I went below and got our sleeping bags and brought them up on the deck. Jack had adapted somewhat to our "cockroach" cabin and had gone to bed. I made up a bed on the front deck of the boat and Louis sat on the bench wrapped in a sheet. We were so, so tired now and I was hoping somehow I could get some sleep. Suddenly Louis jumped up with a giant cockroach crawling up his sheet. I saw it and then another dash away. I stood with Louis on the deck, a wonderful, warm African night, a full moon and was paralyzed at what to do next.
Everyone was slowly boarding and weren't sure what to do. We went back to the hotel by the beach but it was full. We walked back and sat on the beach. It was about 1am and I had just confirmed with Louis that cockroaches don't live on sandy beaches when a big one flew in and we both jumped up.
I had been checking my email on my Blackberry and my wonderful brother in Vancouver was offering to give me a car. Did I want it? My feelings were indescribable. Trapped with cockroaches in Africa, being offered a new car in Vancouver, all at the same time. It was the weirdest night and nothing seemed to make sense.
I went off to get Jack. He wasn't sleeping all that well. He told me later that the sound of flying cockroaches even kept him awake. Jack tried to humor Louis and he was remarkably successful as I was unsuccessful. He helped Louis set up a 1:30am picnic on the beach and made us some strong drinks with some vodka we had bought earlier at the bar. Louis laid back down on the sand wrapped in his sheet. He was suddenly asleep and snoring. I sat like a protective dog next to him wondering what was to happen next.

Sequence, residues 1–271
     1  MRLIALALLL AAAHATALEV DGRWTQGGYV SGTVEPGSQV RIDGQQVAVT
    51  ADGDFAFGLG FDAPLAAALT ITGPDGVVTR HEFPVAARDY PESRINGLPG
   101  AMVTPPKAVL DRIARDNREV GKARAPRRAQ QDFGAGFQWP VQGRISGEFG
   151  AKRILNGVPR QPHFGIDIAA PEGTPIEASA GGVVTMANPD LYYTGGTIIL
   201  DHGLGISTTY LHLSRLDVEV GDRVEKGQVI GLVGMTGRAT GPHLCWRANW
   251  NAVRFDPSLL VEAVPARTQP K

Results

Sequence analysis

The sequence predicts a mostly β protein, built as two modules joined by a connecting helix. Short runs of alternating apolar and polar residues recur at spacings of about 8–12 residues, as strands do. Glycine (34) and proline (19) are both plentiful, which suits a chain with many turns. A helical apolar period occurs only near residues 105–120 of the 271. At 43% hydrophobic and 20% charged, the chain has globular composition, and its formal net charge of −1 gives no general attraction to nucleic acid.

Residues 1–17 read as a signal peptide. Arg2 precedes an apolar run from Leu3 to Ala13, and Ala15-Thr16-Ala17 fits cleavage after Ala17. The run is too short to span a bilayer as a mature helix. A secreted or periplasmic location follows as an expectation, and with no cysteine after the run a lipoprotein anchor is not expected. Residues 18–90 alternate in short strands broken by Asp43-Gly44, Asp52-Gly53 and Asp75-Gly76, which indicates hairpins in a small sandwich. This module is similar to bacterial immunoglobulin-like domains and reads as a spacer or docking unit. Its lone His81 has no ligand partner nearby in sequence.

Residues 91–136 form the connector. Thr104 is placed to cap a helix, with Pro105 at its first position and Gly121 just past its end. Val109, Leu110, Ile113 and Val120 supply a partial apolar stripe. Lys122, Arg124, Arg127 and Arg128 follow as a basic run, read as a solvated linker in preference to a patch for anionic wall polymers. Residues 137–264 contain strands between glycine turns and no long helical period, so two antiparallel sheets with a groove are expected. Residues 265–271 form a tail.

It was 2am and time for official boarding. As our stuff was on board, I though ½ hour of sleep for Louis was a good idea and we could get on at 2:30 with a 1/2 hour to spare. At 2:30 the diesel started up on the boat. I woke Louis and suggested we get on board. We were 5 minutes late and they wouldn't let us board. The boat was stuck on the sand and they were going to spend the next hour trying to get it off.
Watching the scenario made Monty Python seem like conservative comedy. They roared the diesel and a ½ dozen people would try to push. The boat would just list one way, then the other and not move. We watched this routine about every 10 minutes for over an hour. We suggested that the boat might float if some people got off. Any solution other than roar the diesel were not considered over even perhaps imagined.
Finally, over an hour of this and the boat finally pulled off the sand. The captain saw us waiting on the sand a motioned for us to get in the next boat. We were being given special privilege and I felt somewhat bad. Then we were ferried out 4 people at a time to the boat in the tippiest "launch" I have ever experienced. I also was concerned that they might have left us and Jack and the boat would have sailed off. Louis suggested that there was no way the boat would leave us "with Jack on board"! We were off on our 12 hour "cruise" up the coast of Lake Malawi to Cobue.
I thought I had experinced fear with the bus ride two weeks before. The boat was loaded like an African bus. I believe the boat had a capacity for around 50. The Captain had said he could get 90+ on the boat. We would list from about 30 degrees one way and then list the other way. You had to hang on to the railings or you could just slide across the deck and off into the water. Thank goodness they were hugging the coastline. The crew knew things were not great.